ICMIF Focuses on Members' Intellectual Capital

This document has been made available in electronic format
     by the International Co-operative Alliance ICA
                     February 1996

      A New, Yet Experienced, ICMIF Focuses on Members'
                 Intellectual Capital

The International Co-operative and Mutual Insurance Federation (ICMIF) is
in the unusual and enviable position of being a new organization which came
into being (on 1 January 1993) with 70 years of experience already behind
it, Chairman Tan Kin Lian said as he addressed some 175 delegates from
around the world to the first conference of ICMIF held in Manchester on
16-18 September.

The history of this Federation, founded in 1922 as the insurance committee
of ICA, is almost exclusively in the co-operative sector, he said.
"Although we decided three years ago that we should open our doors a bit
wider (to mutual insurers which form part of the social economy), the
unique co-operative approach to business is still an essential part of our
purpose." Mr Tan was referring to constitutional changes approved by the
Tokyo conference in 1992, which resulted in a renewal of the Federation and
in the addition of an M for mutual in its former acronym ICIF.

Among new members that have joined ICMIF since then are three mutuals, from
Austria, Israel and Poland, and it now represents more than 150 insurers
worldwide grouped in some 75 member organisations, including conference
host, the CIS (Co-operative Insurance Society) of Manchester, the very
first co-operative insurer in the world. Alan Sneddon, Chief General
Manager of the CIS, welcomed delegates and described how, in the face of
rapid changes in the UK market, his organisation maintained a leading and
special position built upon the co-operative basis of trading.

Guest of honour at the opening session was  Pauline Green, Labour and
Co-operative Party Member of the European Parliament, who paid tribute to
the achievements of co-operative insurers around the world. Describing
Europe as a co-operative vision, not just an economic club, she said the
European Union (EU) was a model of economic and political co-operation
which could hold good in other parts of the world.

A special guest was ICA President, Lars Marcus, who lauded ICMIF as the
strongest and best-organised specialised organisation of the ICA, and
challenged members to work toward spreading insurance services more evenly
among established and emerging markets around the world.

A principal session of the conference was devoted to a review of the ground
the Federation has covered in implementing the Strategic Review Group (SRG)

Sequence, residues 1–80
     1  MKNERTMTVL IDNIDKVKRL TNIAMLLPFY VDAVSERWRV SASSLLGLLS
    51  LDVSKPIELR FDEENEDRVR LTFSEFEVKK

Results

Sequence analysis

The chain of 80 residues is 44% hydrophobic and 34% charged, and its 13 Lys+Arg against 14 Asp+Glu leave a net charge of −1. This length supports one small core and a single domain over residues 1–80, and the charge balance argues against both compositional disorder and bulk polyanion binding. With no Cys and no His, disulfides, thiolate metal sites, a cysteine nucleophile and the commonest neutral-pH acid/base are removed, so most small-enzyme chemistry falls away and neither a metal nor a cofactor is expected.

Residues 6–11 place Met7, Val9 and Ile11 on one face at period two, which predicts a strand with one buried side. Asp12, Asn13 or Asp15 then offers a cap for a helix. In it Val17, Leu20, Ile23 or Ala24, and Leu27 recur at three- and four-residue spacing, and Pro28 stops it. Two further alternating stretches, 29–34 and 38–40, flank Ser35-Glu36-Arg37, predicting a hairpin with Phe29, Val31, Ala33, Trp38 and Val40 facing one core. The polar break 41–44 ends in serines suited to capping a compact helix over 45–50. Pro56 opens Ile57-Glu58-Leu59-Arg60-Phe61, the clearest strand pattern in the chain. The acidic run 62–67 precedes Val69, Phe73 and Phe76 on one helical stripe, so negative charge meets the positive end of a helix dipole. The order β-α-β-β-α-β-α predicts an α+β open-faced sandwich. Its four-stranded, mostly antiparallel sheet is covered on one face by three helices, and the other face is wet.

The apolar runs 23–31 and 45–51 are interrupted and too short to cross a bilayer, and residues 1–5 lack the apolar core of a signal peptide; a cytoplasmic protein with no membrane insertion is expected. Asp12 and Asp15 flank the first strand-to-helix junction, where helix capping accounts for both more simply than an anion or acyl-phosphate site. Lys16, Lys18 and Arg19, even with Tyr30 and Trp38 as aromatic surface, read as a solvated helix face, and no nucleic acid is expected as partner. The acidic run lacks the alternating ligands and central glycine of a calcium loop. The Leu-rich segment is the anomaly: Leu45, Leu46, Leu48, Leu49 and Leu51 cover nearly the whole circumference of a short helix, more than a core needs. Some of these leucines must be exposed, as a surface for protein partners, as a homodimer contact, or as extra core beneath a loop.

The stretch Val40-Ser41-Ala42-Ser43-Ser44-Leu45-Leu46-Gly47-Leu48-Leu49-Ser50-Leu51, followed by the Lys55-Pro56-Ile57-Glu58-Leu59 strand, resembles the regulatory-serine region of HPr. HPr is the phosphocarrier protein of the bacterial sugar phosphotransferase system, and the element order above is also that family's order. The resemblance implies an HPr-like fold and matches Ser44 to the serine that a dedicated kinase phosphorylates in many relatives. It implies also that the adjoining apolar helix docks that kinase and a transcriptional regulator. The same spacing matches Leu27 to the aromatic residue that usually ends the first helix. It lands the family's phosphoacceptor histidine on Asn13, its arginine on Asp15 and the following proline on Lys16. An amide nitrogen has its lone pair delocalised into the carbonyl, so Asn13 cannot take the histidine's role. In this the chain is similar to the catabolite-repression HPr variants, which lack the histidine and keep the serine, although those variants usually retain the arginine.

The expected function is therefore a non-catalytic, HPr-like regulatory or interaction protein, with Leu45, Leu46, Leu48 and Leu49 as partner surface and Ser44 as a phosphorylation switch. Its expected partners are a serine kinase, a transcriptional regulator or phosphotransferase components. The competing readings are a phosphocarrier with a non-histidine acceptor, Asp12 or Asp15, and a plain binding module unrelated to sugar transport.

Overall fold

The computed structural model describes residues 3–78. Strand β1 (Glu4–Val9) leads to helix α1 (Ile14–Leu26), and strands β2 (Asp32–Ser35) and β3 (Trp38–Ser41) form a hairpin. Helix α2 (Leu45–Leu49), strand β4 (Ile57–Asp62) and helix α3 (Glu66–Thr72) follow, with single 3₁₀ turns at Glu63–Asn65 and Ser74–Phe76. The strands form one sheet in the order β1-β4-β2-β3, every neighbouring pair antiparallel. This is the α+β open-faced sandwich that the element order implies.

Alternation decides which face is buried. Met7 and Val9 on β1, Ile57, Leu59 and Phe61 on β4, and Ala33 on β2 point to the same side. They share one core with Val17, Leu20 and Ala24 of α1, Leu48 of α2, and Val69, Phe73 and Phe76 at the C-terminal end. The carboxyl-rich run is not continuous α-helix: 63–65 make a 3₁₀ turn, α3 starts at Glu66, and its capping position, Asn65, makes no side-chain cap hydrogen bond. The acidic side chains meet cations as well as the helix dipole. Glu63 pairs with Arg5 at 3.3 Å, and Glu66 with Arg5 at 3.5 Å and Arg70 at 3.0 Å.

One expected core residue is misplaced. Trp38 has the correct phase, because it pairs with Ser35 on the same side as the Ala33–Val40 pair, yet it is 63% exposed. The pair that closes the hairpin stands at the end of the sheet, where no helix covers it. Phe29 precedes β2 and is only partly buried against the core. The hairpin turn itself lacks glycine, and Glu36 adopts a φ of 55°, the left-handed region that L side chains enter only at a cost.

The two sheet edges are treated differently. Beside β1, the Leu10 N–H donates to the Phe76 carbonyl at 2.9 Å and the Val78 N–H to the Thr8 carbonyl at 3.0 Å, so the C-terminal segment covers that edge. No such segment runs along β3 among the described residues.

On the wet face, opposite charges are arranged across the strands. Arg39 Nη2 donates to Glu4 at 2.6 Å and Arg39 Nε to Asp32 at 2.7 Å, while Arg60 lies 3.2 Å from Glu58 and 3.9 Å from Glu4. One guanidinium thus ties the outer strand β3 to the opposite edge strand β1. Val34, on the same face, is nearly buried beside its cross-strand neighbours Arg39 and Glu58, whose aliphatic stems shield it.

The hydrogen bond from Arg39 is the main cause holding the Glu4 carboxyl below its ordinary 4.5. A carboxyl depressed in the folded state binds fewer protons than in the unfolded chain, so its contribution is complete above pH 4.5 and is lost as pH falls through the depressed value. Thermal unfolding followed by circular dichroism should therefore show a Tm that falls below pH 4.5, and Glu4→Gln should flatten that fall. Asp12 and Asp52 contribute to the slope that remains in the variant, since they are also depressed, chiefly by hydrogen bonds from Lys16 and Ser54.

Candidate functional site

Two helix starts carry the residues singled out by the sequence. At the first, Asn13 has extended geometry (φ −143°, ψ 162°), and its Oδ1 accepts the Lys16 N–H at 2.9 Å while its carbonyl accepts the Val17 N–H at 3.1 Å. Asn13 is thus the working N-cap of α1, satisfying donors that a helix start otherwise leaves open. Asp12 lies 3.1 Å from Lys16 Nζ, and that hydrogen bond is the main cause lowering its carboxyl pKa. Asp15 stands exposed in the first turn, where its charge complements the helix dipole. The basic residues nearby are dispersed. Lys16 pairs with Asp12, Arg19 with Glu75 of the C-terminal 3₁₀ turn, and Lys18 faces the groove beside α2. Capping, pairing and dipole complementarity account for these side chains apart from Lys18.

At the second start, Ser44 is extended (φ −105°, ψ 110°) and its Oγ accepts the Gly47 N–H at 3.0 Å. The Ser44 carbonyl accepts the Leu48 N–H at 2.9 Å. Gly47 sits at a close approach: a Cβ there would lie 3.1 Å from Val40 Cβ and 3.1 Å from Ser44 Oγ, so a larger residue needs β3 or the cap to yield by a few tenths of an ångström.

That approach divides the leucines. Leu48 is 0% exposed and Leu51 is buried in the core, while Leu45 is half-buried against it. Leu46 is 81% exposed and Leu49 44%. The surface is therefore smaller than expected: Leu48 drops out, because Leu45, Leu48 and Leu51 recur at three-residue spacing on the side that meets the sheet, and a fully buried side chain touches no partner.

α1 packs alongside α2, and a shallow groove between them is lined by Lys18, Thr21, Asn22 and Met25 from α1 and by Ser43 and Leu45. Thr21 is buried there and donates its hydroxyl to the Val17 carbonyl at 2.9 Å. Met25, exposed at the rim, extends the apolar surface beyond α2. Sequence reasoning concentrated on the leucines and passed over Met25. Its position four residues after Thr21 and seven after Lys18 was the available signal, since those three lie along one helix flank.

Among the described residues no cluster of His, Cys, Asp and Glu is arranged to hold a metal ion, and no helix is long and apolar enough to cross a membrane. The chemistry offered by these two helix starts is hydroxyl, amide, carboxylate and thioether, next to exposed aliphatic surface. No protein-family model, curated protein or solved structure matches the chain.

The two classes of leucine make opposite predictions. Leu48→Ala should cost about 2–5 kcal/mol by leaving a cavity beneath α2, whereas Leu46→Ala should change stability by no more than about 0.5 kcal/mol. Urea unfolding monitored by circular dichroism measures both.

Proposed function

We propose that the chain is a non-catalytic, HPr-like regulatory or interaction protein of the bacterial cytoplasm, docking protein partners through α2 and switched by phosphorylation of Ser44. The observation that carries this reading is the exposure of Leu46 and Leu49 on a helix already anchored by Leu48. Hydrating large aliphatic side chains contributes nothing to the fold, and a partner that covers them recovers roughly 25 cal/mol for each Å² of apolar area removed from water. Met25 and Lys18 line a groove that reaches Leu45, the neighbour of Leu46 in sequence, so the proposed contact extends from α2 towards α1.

recommendations since the last conference. Hans Dahlberg, Chief Executive,
said more and more organisations are attempting to put a value on the
intangible assets of knowledge, skill and information systems. "It is to
this intellectual capital that ICMIF services, put together, make a
significant contribution."

In markets becoming similar, in a world getting smaller, the international
exposure which ICMIF provides to managers of its member organizations
cannot easily be duplicated on the individual initiative of an insurer or
the collective initiative of a few, he added. "When there are generally
accepted accounting principles for intellectual capital, an ICMIF
membership will count for a great deal, as it provides a global reach for
local strength."

The main seminar of the conference was on social welfare provision, with
presentations from a number of countries exploring whether it was a fitting
opportunity in changing markets where governments were withdrawing from
social services.

The conference also included a development forum. It examined new
approaches to co-operative and mutual insurance development, from
networking to strategic alliances and joint ventures, in a dozen markets
previously driven by planned economies.

In his keynote speech to the forum, ICMIF Development Manager Zahid Qureshi
pointed out that in 1970 the well-to-do countries - USA, Canada, Japan,
Australia and Western Europe - accounted for 15% of the world population
and 75% of the gross domestic product (GDP). "In 1992, the same countries
controlled 80% of the world's wealth. The insurance gap is even wider, with
the well-to-do countries accounting for 92% of all insurance worldwide."

Just as it is the existence of a middle class that lends stability to the
social and economic well-being of a country, the existence of what may be
called middle-economy countries will help provide some socio-economic
stability in the world, he said. "It is vital that the present trend of a
growing gap between developed and developing countries is reversed, through
activities which focus on the progress of emerging economies - such as
insurance, which fosters savings and investments while covering risk, for
industry and commerce as well as individuals and families."

Zahid Qureshi